Besides that, we would like to have a small button at the bottom right corner with which the user can zoom to the current location. To stack this button on top of our Map, we wrap it into a ZStack and choose the .bottomTrailing alignment mode. Of course, we don’t only want the MyMap to ignore the safe area, but the whole ZStack:


ZStack(alignment: .bottomTrailing) {
    MyMap()
}
    .edgesIgnoringSafeArea(.all)

Below the MyMap instance add an Image view showing the location symbol from the SF Symbols app.

Image(systemName: "location")
    .resizable()
    .aspectRatio(contentMode: .fill)
    .frame(width: 25, height: 25)
    .clipped()
    .padding(40)

To add a blurred background to our location icon we can use the material background style available since iOS 15 (ranging from .ultraThinMaterial to .ultraThickMaterial).

Image(systemName: "location")
    .resizable()
    .aspectRatio(contentMode: .fill)
    .frame(width: 25, height: 25)
    .clipped()
    .padding(40)
    .frame(width: 60, height: 60)
    .background(.ultraThinMaterial, in: Circle())
    .padding()

To keep the overview of our code, we outsource the created Image view by CMD-clicking on it and selecting “Extract Subview”. We name the extracted subview “LocationButtonContent”.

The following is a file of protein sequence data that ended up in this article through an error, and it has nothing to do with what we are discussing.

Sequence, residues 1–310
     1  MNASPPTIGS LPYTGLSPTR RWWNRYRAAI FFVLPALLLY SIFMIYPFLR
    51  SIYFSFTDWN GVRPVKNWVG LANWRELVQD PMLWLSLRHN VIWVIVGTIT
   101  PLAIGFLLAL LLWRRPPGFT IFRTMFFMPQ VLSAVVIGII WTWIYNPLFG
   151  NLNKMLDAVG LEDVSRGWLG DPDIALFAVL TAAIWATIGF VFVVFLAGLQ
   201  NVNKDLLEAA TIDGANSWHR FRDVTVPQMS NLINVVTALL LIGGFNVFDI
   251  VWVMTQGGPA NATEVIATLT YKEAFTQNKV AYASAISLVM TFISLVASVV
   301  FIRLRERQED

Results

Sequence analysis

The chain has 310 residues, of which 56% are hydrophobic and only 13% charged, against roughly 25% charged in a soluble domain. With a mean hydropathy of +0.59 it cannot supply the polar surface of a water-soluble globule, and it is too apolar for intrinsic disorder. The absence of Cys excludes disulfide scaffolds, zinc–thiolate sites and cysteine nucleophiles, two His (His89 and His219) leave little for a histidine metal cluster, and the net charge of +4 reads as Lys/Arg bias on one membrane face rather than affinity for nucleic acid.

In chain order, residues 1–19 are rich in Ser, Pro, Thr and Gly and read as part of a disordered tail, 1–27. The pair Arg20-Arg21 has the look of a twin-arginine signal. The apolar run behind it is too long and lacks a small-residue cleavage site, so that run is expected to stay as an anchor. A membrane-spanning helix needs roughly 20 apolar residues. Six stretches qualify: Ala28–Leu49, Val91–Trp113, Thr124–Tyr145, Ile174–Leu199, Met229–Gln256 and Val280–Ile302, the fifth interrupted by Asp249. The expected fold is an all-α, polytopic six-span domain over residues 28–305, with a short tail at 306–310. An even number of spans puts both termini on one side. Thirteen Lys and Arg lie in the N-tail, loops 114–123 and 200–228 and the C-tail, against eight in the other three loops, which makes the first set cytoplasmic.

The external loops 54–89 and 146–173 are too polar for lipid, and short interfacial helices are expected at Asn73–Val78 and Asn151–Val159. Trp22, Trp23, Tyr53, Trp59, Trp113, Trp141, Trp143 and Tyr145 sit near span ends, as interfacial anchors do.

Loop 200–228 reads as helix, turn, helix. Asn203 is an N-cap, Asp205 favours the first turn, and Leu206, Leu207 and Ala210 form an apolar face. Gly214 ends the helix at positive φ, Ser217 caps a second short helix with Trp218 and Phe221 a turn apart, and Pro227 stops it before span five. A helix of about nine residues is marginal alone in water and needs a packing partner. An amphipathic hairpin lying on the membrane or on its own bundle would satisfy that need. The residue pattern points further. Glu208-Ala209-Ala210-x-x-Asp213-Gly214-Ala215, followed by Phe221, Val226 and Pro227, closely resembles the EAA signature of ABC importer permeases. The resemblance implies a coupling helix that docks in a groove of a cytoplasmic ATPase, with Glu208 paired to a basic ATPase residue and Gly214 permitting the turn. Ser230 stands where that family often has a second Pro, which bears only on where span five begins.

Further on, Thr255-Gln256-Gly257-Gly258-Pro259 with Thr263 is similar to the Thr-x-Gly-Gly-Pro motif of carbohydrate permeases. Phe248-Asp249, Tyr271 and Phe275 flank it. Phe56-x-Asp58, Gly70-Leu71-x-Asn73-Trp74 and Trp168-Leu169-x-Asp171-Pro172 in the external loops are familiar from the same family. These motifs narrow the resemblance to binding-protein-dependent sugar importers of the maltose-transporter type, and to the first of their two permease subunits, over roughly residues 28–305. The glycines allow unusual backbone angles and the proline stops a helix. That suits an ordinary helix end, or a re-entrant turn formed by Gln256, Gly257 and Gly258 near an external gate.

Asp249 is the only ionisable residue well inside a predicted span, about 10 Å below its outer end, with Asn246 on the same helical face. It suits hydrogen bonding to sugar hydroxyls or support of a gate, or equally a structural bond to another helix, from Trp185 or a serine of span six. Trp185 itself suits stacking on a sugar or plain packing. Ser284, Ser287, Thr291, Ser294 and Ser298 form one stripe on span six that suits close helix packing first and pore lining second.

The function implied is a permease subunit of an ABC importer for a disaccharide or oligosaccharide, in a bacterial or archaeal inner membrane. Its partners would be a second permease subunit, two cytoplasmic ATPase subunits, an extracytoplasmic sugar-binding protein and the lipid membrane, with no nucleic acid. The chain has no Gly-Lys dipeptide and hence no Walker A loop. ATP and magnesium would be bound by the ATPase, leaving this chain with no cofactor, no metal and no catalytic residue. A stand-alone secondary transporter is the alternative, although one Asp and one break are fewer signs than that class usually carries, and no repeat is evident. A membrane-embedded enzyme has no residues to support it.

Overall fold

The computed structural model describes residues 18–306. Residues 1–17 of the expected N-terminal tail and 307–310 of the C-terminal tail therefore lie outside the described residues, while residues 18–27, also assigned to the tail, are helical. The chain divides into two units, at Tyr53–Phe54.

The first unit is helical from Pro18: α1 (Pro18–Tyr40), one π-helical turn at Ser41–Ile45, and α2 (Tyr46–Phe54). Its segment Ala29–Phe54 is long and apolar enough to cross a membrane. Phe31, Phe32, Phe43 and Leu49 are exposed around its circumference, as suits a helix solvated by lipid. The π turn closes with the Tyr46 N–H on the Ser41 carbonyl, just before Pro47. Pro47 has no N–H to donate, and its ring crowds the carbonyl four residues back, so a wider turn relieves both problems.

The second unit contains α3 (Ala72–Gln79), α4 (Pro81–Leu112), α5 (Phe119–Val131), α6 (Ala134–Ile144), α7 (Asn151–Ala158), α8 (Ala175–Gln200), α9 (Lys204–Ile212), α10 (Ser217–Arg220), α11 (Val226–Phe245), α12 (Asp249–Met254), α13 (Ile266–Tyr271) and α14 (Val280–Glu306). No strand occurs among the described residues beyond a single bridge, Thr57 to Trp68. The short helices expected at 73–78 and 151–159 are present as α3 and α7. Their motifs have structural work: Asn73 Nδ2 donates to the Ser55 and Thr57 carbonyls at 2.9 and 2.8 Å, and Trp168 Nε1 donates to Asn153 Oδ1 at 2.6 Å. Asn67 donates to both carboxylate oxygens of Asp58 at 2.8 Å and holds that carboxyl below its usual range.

Next, we wrap the LocationButtonContent instance of our ContentView into a Button like this:

struct ContentView: View {
    var body: some View {
        ZStack(alignment: .bottomTrailing) {
            MyMap()
            Button(action: {
                print("Go to user location.")
            }) {
                LocationButtonContent()
            }
        }
            .edgesIgnoringSafeArea(.all)
    }
}

If we run our app again, we should see our new Button!

The location button gets stacked on top of the map and allows the user to zoom to his current location

Great! We just created the map for our City Explorer app! Next, we’ll learn how to query the user’s location, display it on the map, and finally use the Button we just created to move the map to the user location.

2 replies on “Chapter 13: City Explorer – Using Maps in SwiftUI”

func makeCoordinator() -> MyMap.Coordinator {
Coordinator(self)
}
ERROR
Argument passed to call that takes no arguments